Several resistance training programs using conventional methodologies have been implemented with the purpose of improving the ability to perform power actions in handball, especially during the competitive season. In contrast, methodologies based on a contemporary perspective, which considers the human being as a self-regulating biological entity, and designed specifically for female college players, are scarce. The aim of this research was to investigate the effects of an eight-week resistance training program, in which the athletes were able to control the loads according to their self-perceived effort and rest on their repeated shuttle sprint and jump ability. The sample was composed of 16 female players of a handball team from the faculty of physics and mathematics sciences of a Chilean university. The RSSJA test was used to evaluate players’ conditions pre-and post-training program, and the self-perceived effort scale called OMNI-RES was used for the predic-tion and control of loads. Results indicated that, after the application of an eight-week resistance training program, significant improvements p ≤ 0.05 on the jump height (pre: 1836.4 W; average post: 2088.9 W) and running speed (average pre: 3.2 m/s; average post: 4.0 m/s) were obtained, as well as a significant reduction in the loss of power and speed between each set of the applied test.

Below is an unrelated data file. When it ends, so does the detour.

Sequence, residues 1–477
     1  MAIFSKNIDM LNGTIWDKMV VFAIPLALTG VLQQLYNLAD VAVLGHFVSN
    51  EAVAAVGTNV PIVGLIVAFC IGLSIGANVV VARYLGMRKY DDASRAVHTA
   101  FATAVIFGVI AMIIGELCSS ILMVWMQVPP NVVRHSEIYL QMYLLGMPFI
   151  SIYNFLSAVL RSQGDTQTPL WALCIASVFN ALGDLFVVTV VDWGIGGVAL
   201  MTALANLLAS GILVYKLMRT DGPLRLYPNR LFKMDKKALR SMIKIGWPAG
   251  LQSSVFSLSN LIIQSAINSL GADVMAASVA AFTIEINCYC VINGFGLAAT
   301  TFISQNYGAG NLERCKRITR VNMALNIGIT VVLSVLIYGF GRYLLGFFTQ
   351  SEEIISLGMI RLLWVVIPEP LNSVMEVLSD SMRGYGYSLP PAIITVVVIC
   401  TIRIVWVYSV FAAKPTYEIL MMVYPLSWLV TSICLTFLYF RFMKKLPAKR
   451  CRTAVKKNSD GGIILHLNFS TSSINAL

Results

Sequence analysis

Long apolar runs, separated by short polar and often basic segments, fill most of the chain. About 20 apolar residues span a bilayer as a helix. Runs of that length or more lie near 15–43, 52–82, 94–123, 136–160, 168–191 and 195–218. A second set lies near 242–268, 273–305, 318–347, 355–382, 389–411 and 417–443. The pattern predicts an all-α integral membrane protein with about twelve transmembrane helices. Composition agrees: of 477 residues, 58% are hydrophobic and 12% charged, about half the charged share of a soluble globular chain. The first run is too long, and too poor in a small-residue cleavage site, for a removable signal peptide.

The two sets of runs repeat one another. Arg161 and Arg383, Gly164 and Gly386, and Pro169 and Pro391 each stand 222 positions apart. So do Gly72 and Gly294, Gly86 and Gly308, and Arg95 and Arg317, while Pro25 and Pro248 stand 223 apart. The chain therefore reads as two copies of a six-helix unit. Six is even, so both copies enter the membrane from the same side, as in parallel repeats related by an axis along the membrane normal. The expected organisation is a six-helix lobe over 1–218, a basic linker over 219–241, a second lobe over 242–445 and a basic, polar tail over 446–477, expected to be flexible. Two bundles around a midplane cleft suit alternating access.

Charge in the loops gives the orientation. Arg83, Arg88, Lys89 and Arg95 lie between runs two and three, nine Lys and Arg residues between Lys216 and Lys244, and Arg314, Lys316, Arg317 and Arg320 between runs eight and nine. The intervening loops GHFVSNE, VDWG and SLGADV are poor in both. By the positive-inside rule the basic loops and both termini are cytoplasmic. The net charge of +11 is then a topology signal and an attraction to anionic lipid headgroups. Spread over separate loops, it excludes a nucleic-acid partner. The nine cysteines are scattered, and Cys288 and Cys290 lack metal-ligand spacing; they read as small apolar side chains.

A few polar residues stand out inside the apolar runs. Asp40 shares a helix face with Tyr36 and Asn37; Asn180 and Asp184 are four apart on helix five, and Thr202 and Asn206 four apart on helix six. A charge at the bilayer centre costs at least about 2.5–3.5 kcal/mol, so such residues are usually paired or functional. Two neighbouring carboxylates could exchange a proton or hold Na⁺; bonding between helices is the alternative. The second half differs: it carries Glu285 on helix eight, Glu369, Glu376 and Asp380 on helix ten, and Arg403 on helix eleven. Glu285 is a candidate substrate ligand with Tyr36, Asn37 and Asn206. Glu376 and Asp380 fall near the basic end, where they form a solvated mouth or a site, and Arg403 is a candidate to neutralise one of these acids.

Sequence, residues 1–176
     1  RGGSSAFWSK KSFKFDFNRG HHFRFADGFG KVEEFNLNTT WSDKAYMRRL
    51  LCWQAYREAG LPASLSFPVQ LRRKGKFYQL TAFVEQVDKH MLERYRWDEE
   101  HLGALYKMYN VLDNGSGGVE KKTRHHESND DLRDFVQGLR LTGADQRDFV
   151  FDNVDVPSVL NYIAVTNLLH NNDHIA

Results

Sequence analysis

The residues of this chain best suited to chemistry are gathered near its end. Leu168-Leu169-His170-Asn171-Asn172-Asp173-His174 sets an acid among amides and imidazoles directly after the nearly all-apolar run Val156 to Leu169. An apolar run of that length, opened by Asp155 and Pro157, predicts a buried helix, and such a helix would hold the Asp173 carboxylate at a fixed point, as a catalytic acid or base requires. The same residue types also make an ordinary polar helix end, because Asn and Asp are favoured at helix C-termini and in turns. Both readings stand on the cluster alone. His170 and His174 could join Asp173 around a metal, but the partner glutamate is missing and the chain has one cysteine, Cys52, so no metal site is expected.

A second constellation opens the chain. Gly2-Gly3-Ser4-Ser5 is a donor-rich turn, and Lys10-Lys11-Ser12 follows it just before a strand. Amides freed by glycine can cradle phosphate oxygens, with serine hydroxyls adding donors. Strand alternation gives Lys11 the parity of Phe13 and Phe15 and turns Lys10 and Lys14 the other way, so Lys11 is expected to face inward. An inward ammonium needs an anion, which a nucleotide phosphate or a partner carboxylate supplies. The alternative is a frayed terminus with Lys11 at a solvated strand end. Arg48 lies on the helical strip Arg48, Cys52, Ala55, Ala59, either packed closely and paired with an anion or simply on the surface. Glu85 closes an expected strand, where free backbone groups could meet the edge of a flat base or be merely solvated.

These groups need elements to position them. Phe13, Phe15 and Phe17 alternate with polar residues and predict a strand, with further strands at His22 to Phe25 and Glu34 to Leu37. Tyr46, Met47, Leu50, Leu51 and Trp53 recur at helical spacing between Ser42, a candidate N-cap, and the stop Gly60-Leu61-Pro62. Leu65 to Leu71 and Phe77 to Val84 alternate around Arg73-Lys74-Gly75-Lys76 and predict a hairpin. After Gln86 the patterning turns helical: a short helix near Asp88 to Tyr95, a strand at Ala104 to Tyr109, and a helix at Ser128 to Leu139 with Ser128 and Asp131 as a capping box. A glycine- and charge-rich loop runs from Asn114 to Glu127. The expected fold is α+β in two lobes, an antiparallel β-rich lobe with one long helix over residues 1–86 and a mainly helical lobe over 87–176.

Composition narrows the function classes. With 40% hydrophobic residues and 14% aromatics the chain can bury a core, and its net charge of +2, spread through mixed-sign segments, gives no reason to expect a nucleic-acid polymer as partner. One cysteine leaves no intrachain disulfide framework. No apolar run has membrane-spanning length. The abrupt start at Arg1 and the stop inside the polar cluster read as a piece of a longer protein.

|Número de artículo||12662|
|Publicación||International Journal of Environmental Research and Public Health|
|Estado||Publicada - 1 dic. 2021|
|Publicado de forma externa||Sí|
Áreas temáticas de ASJC Scopus
- Salud pública, medioambiental y laboral
- Salud, toxicología y mutagénesis